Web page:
The Abrahms Lab is housed in the University of Washington Department of Biology's Center for Ecosystem Sentinels. The Center's mission is to advance the understanding and conservation of species that act as sentinels to the state of the environment by linking results from multi-disciplinary science to effective policy outcomes. From African carnivores to marine birds and mammals, the Abrahms lab combines fieldwork, modeling, and interdisciplinary approaches to advance the ecology and conservation of sentinel species. Our research centers on three themes:
Linking environmental change to animal behavior, fitness, and community dynamics
How animals choose to move and behave in response to their environment can have profound impacts on individual performance, population dynamics, and community interactions. Our research examines these linkages and seeks to quantify the consequences of environmental change on wildlife behavior, ecology, and conservation. Such understanding can provide a window into how and why wildlife communities will be affected by ongoing human-induced rapid environmental change and help target conservation interventions.
Abrahms, B., Hazen, E.L., Bograd, S.J., Brashares, J.S., Robinson, P.W., Scales, K.L., D. Crocker and Costa, D.P. 2018. Climate mediates the success of migration strategies in a marine predator. Ecology Letters, 21: 63-71.
Abrahms, B., Scales, K.L., Hazen, E.L., Bograd, S.J., Schick, R.S., Robinson, P.W., and Costa, D.P. 2018. Mesoscale activity facilitates energy gain in a top predator. Proceedings of the Royal Society Biological Sciences, 285: 20181101.
Schmitz, O.S., Miller, J.R.B., Trainor, A.M., Abrahms, B. 2017. Toward a community ecology of landscapes: predicting emergent multiple predator-prey interactions across geographic space. Ecology, 98(9): 2281-2292.
Understanding the drivers of large-scale animal movement
Understanding the drivers of ecological processes like migration and dispersal is a central goal in ecology and key for effective conservation planning. Research in our lab seeks to identify unifying drivers of large-scale animal movements across diverse systems, and elucidate the causes of variation in these strategies across individuals and species.
Abrahms, B., Hazen, E.L., Aikens, E.O., Savoca, M., Goldbogen, J., Bograd, S.J., Jacox, M., Irvine, L.M., Palacios, D.M., and Mate, B.R. 2019. Memory and resource tracking drive blue whale migrations. Proceedings of the National Academy of Sciences, 116(12): 5582-5587.
Abrahms, B., Seidel, D.P., Dougherty, E., Hazen, E.L., Bograd, S.J., Wilson, A.M., McNutt, J.W., Costa, D.P., Blake, S., Brashares, J.S. and Getz, W.M. 2017. Suite of simple metrics reveals common movement syndromes across vertebrate taxa. Movement Ecology, 5(12): 1-11.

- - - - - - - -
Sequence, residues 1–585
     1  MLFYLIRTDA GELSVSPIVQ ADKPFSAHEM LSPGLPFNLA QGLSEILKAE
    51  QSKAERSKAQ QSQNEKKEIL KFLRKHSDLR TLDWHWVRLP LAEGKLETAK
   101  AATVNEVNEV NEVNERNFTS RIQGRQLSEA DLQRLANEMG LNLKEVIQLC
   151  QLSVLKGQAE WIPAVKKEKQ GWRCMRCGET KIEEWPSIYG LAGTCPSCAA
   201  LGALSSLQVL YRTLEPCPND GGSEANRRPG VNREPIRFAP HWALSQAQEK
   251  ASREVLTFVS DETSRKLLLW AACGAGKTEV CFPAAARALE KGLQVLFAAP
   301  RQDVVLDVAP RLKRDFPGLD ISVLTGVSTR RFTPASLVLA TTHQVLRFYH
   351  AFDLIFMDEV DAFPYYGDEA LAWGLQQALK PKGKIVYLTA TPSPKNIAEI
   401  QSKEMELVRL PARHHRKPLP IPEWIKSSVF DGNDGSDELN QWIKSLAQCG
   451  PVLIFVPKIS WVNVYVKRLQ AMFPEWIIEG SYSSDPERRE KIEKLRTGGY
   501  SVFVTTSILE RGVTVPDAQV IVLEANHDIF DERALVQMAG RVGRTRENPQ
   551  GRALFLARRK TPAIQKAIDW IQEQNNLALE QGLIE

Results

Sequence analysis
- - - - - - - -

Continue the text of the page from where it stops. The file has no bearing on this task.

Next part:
Abrahms, B., Jordan, N.R., Golabek, K.A., McNutt, J.W., Wilson, A.M., and Brashares, J.S. 2015. Lessons from integrating behaviour and resource selection: activity-specific responses of African wild dogs to roads. Animal Conservation, 19(3): 247-255.
Applying spatial and behavioral ecology to inform wildlife management and conservation
Managing species living in dynamic environments requires an understanding of their space use and exposure to threats that can change rapidly in space and time. By considering animal behavior and movement, and by modeling species distributions and connectivity dynamically, we can improve our ability to manage and conserve highly mobile species.
Abrahms, B., Bograd, S.J., Becker, E., Jacox, M., Irvine, L.M., Palacios, D.M., Mate, B.R, and Hazen, E.L. 2019. Dynamic ensemble models to predict distributions and anthropogenic risk exposure for highly mobile species. Diversity and Distributions, 25(8): 1182-1193. *cover article*
Abrahms, B., Sawyer, S.C., Jordan, N.R., McNutt, J.W., Wilson, A.M., and Brashares, J.S. 2017. Does wildlife resource selection accurately inform corridor conservation? Journal of Applied Ecology, 54(2): 412-422. *cover article*
Ship strikes along the US West Coast are the leading cause of mortality of the North Pacific's Endangered blue whale population. In collaboration with the Benioff Ocean Initiative, NOAA Southwest Fisheries Science Center, and NOAA Channel Islands National Marine Sanctuary, we developed a dynamic ocean management tool (left) to allow managers and ship crews along the West Coast, as well as the public, to see where in the ocean blue whales are most likely to be based on daily habitat conditions.
Habitat fragmentation is one of the principal threats to the persistence of wide-ranging large carnivores across Africa. Working with the Botswana Department of Wildlife and National Parks and the Botswana Predator Conservation Trust, our research on identifying functional landscape connectivity in northern Botswana was incorporated into the Department's Wildlife Conservation Research Strategic Plan 2016-2020.
Header photo credits: Briana Abrahms, Craig Hayslip (blue whale)